Patatas bravas at Boqueria Credit: Boqueria Patatas bravas at Boqueria, which is coming to the Upper East Side.
Credit: Boqueria

Start making those reservations now — these places are sure to be packed.

ABC Home Grown
888 Broadway,212-473-3000
Jean-Georges Vongerichten has already earned plenty of buzz in the NYC food scene for ABC Kitchen and its Mexican spinoff, ABC Cocina. In the spring, he’s set to open ABC Home Grown, which will offer vegetarian and vegan fare inside the former Le Pain Quotidien space inside ABC Carpet & Home. It’s a labor of love for the chef, who refrains from meat once a week. Also to come: an “indoor Union Square green market” in the home store’s basement, he told the New York Post.

 

Treehaus
460 W. 42nd St., no phone number yet
Like Gotham West Market and Smorgasburg before it, this foodie haven will open a second location this spring. The buffet-style spot will serve French-tinged American food and will be open 24 hours.

Huertas
107 First Ave., no phone number yet
We got a sneak peek at Jonah Miller’s new Northern Spanish eatery at his pop-up over the summer, and we’re stoked for the March opening of his permanent digs. The four-course prix dinner (think oil-poached cod and charred blood orange with olive oil ice cream) is calling our name.

Bodega Negra
355 W. 16th St.,212-229-2336
The Dream Downtown will open this Mexican kitchen in February. A partnership between the TAO Group and Serge Becker (who’s behind Miss Lily’s and La Esquina), the London import boasts the hotel’s executive chef, Michael Armstrong.

The Smith NoMad
1150 Broadway, no phone number yet
The Flatiron district has become a buzzy food nabe, boasting high-end eats from Eataly and ilili to the more wallet-friendly (but still crave-worthy) original Shake Shack. The latest addition to the ’hood is the fourth location of the comfort food house, which will serve breakfast, lunch, dinner and brunch when it opens in the fall.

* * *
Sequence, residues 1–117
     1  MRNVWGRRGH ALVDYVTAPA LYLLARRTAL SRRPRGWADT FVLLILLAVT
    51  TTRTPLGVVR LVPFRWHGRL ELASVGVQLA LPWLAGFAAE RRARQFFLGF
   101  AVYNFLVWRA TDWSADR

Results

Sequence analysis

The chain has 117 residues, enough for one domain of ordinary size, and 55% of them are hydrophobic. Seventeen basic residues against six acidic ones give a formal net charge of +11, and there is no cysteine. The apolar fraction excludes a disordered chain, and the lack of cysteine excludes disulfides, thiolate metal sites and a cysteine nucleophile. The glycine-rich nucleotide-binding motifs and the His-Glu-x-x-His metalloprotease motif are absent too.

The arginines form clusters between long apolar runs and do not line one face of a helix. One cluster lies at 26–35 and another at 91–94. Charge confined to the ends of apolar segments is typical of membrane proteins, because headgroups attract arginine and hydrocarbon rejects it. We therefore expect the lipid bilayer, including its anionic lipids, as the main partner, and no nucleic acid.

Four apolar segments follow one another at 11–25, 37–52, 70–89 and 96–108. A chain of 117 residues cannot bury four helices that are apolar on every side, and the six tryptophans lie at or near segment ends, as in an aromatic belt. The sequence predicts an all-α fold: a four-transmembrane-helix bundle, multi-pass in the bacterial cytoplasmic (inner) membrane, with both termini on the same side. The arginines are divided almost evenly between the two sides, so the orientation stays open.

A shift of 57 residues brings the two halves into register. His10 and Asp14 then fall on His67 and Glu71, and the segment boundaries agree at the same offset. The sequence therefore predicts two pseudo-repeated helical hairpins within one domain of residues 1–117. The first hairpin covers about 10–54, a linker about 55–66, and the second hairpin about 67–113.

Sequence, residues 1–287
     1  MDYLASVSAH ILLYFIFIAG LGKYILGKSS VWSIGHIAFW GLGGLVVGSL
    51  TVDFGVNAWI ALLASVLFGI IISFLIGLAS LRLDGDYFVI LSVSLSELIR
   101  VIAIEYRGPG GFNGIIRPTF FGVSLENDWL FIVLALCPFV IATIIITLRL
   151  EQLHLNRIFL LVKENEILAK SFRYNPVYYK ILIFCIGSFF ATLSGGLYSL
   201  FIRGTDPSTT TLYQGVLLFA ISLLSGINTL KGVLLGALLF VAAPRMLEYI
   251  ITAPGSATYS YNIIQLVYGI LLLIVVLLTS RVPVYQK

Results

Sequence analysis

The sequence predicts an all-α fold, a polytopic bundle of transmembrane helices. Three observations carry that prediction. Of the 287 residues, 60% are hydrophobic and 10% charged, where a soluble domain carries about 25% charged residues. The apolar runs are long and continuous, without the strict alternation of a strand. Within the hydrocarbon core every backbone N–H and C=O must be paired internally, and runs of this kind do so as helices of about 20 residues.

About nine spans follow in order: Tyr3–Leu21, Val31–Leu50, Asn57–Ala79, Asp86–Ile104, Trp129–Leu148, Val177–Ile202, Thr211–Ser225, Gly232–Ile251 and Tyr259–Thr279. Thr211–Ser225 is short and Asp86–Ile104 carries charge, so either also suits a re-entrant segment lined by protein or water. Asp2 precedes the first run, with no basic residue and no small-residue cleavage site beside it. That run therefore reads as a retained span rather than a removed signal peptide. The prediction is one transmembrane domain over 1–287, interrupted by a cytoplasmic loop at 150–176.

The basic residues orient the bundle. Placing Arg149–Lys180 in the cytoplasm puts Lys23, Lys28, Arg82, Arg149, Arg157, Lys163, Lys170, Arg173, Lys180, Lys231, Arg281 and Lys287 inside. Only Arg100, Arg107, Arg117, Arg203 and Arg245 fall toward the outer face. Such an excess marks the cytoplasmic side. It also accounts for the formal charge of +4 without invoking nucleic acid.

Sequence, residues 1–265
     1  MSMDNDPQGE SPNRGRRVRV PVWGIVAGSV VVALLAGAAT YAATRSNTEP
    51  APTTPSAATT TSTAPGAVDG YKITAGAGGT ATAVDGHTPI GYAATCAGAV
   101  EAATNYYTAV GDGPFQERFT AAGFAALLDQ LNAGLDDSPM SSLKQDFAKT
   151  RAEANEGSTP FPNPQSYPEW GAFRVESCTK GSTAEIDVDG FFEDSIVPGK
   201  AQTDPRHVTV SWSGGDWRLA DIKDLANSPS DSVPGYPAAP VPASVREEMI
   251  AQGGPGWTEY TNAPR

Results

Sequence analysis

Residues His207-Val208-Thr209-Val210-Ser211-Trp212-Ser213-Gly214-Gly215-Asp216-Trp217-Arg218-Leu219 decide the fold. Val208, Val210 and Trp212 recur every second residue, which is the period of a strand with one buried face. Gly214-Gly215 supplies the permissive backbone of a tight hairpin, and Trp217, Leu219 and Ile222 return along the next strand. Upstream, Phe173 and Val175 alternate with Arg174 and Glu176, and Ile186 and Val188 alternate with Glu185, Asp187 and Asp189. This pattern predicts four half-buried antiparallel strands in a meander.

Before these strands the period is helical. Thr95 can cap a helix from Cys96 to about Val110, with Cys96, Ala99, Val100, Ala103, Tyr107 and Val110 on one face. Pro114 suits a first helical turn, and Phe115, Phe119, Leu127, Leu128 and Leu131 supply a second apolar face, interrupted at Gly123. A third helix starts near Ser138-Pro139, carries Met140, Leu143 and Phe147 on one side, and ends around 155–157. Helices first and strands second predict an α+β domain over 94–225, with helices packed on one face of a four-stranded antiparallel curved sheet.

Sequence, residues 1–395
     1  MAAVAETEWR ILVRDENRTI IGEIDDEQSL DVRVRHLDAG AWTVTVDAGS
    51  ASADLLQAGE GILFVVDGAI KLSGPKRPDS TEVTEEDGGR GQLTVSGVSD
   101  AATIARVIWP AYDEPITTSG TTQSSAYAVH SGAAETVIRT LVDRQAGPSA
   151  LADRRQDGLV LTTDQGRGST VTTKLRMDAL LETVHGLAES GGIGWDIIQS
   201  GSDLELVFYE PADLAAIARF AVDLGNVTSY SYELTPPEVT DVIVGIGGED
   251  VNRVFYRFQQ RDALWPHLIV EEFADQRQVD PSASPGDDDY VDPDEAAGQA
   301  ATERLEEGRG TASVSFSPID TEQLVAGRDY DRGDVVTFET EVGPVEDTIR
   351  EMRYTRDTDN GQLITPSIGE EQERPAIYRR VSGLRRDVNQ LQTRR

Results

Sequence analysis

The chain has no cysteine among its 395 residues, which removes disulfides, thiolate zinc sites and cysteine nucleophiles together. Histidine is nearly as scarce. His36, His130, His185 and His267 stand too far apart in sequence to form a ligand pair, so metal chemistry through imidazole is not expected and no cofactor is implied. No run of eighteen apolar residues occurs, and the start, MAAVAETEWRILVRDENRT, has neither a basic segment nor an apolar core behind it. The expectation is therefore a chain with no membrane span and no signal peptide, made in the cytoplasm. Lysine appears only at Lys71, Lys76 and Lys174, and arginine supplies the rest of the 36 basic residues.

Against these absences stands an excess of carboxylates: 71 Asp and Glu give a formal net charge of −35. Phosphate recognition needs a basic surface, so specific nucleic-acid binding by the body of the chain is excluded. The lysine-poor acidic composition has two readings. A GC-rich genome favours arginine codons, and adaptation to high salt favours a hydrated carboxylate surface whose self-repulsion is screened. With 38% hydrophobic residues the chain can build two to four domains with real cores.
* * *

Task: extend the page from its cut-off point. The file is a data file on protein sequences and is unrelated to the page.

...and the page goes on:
1 Knickerbocker
1 Knickerbocker Ave.,718-477-1222
Chef Stephen Hubbell modernized century-old recipes for local fish and wild game (elk, venison, etc.), and pickles his foods onsite at this recently opened Bushwick eatery.

Root & Bone
200 E. Third St., no phone number yet
“Top Chef” alums Janine Booth and Jeffrey McInnis are in charge of this Alphabet City joint serving up Southern comfort, opening in March. Sure, there’s some drama behind the scenes (Google their names), but since they honed their skills on the Bravo juggernaut, we trust that these dishes are all made with an ingredient called love.

Boqueria UES
1460 Second Ave., no phone number yet
The third location of the seasonal Spanish restaurant will open its doors in the spring. Expect jamon iberico and a dedicated churros station, in addition to other tapas, by Barcelona native Marc Vidal. The open kitchen at the 80-seat space means you can watch as he and his chefs prepare your meal.

Hill Country Barbecue Market Brooklyn
345 Adams St.,718-885-4608
The barbecue joint moves across the river, but in a different format than its Flatiron predecessor. Step right up to the counter with your meal ticket, choose your ’cue, sides and sweets, and pay on your way out. The new downtown space will also host roots, Americana and alt-country shows as part of its Hill Country Live Series. Bonus: Next door is Hill Country Chicken.

Trends you'll see at restaurants this year

Izabela Wojcik, The James Beard Foundation’s director of house programming, fills us in:


  • The proliferation of hybrid cuisines in restaurants – particularly Asian mash-ups. Jewish-Japanese is an especially unique fusion that is visibly on the rise.



  • Sustainable seafood will be an important topic in 2014, and we can expect to see more of lesser-known fish on menus as well as increased use of the whole fish, especially parts that used to be discarded: fish cheeks, fish livers and fish collars.



  • Bars specializing in a specific liquor, particularly obscure or historic spirits such as absinthe or vermouth.



  • Vegetables will be “hot,” replacing meat as the most interesting and prominent item on the plate. Animal proteins will take a backseat as garnishes.



  • Lesser-known ethnic cuisines will be celebrated: Nicaraguan, Colombian, Peruvian and Filipino.



  • Gluten-free will be the buzzword. It will proliferate from manufactured products to restaurant menus.



  • Ancient grains such as quinoa, amaranth and freekeh will appear more regularly on menus and in interesting multicultural preparations.



  • Chefs getting more involved locally, with their restaurants being perceived as the heart of the community instead of just a place to eat. Chefs will be seen as advocates and will use their power and consumer attention to address serious food system issues.



  • Restaurants opening in nontraditional spaces, such as stores, art galleries and museums.


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